Is a Stiff Neck due to High Cholesterol? Here’s the Fact


High cholesterol levels can cause a number of problems, including heart attacks and strokes. High cholesterol is often associated with symptoms that are often encountered in daily life, such as pain in several parts of the body. Then, is a stiff neck due to high cholesterol?

Quoted from HealthlineHigh cholesterol is a condition when cholesterol levels in the body exceed normal limits, causing buildup in the arteries and blood vessels.

In fact, high cholesterol does not cause specific symptoms. In most cases, high cholesterol levels are only realized when it is in a condition that is classified as severe and triggers an emergency condition, such as a stroke or heart attack.

Therefore further tests are needed, such as blood tests, to be able to ascertain more about cholesterol levels in the body. Cholesterol levels in the body cannot be diagnosed based solely on the symptoms felt.

Therefore, there is no research that can prove 100 percent whether a stiff neck is caused by high cholesterol. Quoted from the National Health Service (NHS UK), the most commonly found causes of a stiff neck are incorrect sleeping positions, bad posture, pinched nerves, and injuries to the neck caused by various conditions, such as collisions.

Ways to Prevent High Cholesterol

Although cholesterol cannot be detected with the naked eye, there are a number of conditions that make a person more at risk for this disease. Those who have a family history of cholesterol disease, high blood pressure, are overweight or obese, and smoke have a higher risk of developing cholesterol disease.

In many cases, high cholesterol does not cause significant symptoms, but this condition can be prevented in a number of ways, cited from various sources.

1. Conduct Routine Checks

The American Heart Association recommends routine cholesterol checks every four to six years for those aged 20 and over and in good health. For those who have a high risk of cholesterol, it is recommended to do more frequent checks regularly.

Especially if you have a history of cholesterol disease or heart disease in your family, it would be better if you do regular checks.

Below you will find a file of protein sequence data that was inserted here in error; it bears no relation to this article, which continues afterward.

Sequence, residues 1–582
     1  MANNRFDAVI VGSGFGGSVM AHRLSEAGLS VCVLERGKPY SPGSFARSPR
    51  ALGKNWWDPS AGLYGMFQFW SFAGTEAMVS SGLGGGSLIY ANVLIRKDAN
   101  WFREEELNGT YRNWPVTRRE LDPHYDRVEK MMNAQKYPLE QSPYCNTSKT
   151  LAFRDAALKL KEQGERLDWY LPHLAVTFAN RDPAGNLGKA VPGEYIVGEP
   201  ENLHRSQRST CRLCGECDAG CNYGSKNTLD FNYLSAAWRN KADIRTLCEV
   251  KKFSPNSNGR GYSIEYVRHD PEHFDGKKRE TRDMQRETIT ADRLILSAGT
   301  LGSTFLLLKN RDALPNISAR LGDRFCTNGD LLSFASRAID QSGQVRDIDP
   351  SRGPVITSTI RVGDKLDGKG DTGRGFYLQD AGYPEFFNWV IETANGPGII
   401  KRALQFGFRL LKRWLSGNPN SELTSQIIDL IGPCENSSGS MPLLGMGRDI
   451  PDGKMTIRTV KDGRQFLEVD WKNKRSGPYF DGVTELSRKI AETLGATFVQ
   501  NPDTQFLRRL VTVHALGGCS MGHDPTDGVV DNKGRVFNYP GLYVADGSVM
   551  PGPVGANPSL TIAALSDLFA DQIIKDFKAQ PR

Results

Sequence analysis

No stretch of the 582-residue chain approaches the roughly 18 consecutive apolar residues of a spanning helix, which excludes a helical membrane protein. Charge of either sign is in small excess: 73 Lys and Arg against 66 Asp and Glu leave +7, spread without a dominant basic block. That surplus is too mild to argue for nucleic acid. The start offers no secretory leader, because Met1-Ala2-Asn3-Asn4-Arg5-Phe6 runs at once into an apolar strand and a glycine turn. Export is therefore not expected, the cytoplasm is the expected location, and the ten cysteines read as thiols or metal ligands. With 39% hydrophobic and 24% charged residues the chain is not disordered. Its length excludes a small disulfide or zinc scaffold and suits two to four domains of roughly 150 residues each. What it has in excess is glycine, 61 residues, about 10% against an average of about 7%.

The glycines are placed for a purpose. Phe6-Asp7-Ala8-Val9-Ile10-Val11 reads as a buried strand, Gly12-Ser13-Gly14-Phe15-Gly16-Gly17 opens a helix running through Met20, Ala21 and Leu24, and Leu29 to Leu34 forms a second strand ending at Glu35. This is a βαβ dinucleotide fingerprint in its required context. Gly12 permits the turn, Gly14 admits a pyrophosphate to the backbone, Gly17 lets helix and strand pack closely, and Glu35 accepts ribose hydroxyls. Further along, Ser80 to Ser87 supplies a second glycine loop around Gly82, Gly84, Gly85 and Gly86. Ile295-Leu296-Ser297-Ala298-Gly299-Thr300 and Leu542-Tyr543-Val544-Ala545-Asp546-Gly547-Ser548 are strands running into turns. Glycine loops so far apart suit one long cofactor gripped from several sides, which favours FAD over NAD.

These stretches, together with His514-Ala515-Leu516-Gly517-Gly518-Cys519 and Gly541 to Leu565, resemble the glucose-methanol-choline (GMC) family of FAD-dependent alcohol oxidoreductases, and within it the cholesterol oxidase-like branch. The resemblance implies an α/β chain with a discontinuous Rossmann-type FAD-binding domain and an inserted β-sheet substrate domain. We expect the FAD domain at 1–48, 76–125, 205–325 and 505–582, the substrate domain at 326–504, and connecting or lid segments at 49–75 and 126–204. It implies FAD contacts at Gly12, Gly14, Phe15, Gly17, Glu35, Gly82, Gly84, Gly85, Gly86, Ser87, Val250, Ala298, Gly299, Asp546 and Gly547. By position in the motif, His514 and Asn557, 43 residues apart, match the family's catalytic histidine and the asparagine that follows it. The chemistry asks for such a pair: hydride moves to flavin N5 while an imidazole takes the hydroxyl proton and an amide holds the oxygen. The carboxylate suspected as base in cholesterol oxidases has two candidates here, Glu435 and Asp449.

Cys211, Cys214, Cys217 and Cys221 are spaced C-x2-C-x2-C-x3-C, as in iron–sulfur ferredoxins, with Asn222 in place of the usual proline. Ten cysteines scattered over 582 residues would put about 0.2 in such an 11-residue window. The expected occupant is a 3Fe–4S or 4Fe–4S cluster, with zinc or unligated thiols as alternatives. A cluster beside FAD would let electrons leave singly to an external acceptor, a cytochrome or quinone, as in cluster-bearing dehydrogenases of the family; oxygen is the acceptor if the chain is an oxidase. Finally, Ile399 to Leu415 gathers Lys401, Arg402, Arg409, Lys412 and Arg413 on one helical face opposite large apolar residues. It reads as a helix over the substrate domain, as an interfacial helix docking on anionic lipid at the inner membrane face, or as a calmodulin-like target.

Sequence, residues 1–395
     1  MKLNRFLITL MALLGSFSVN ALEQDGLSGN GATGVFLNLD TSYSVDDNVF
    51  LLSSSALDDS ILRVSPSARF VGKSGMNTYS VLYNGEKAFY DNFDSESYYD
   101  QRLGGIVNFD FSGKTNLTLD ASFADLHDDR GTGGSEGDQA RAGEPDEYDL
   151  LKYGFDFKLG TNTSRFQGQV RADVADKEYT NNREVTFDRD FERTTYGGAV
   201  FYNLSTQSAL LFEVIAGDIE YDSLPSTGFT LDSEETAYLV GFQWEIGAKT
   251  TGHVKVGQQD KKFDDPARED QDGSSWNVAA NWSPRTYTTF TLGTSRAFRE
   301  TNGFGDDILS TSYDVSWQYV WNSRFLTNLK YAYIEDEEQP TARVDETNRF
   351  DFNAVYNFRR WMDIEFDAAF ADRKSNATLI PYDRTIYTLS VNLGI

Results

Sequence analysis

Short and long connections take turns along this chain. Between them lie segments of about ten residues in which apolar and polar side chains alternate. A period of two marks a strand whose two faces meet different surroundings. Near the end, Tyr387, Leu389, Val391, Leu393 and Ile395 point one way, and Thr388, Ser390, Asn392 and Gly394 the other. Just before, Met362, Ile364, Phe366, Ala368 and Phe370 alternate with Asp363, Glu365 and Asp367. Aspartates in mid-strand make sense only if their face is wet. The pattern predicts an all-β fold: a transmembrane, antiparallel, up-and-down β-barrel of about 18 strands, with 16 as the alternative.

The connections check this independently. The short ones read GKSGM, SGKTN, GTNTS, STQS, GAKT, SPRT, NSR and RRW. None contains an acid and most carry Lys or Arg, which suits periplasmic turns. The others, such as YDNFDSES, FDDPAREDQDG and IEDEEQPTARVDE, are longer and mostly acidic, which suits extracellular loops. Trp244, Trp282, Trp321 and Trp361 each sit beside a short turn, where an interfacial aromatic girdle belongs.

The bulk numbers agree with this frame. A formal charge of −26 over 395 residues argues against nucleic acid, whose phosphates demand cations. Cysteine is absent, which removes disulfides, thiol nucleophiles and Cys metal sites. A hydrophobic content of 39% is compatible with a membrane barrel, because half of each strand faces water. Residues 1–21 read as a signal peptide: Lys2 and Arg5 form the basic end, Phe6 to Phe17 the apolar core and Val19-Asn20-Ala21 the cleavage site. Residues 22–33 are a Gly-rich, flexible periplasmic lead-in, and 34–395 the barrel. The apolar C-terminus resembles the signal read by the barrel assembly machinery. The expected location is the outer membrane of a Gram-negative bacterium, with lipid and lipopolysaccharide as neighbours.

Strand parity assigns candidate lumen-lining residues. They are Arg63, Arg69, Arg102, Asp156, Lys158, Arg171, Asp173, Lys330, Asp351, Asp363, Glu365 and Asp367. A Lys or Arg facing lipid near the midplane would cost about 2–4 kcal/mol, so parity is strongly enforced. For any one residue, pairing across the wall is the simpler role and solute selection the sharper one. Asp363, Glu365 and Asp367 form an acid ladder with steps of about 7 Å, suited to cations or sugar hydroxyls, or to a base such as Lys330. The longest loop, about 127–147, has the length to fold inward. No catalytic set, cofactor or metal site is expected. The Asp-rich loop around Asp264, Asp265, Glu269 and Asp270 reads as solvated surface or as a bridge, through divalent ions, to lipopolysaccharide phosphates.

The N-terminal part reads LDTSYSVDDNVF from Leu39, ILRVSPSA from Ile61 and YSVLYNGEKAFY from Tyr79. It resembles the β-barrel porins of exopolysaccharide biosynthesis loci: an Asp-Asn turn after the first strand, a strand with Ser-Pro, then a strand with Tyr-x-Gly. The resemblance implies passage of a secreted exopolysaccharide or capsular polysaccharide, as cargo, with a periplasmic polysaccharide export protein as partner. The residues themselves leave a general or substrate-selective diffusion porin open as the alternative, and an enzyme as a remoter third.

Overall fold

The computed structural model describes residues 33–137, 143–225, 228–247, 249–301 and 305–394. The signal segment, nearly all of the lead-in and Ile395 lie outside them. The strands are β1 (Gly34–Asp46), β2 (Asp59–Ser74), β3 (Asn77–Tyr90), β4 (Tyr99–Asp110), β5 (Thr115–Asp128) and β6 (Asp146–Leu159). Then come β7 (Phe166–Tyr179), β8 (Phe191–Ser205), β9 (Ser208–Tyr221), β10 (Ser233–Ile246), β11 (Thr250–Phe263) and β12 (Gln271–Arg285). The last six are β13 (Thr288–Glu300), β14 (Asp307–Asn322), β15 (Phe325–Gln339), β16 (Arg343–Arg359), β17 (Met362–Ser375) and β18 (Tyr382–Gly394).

2. Eating Good Food for the Body

Avoid foods that contain saturated fats, such as red meat and fatty dairy products because they have the potential to trigger an increase in cholesterol in the body.

In addition, foods that contain trans fats can also be harmful to the health of the body if consumed too much. Some examples of foods that contain trans fats are processed meats such as nuggets and sausages or packaged cakes and cookies.

These foods can be replaced with foods that contain good fats for the body, namely omega-3 fatty acids, such as salmon, mackerel, herring, nuts, eggs, and avocados.

Also increase consumption of foods that contain water-soluble fiber, such as oatmeal, apples, pears, kidney beans, Brussels sprouts, carrots and broccoli.

3. Stop smoking and limit alcohol consumption

Cigarettes can trigger an increase in bad cholesterol levels in the body. Likewise with alcohol. If consumed in excess, alcohol can trigger health problems, such as high blood pressure, heart problems, liver problems, and strokes.

4. Exercise Routine

Regular exercise can help the body increase the production of good cholesterol or HDL. Exercising for at least 30 minutes every day can keep the body healthy and fit.

5. Maintaining an Ideal Weight

Being overweight can increase your risk of developing high cholesterol. Small changes in your daily life can help you maintain your ideal weight. Examples include reducing consumption of sugary drinks and replacing them with water and changing the habit of consuming snacks with healthier snack options.

Lifestyle changes can also be started from simple things, such as getting used to taking the stairs instead of taking the escalator and getting used to walking a lot.

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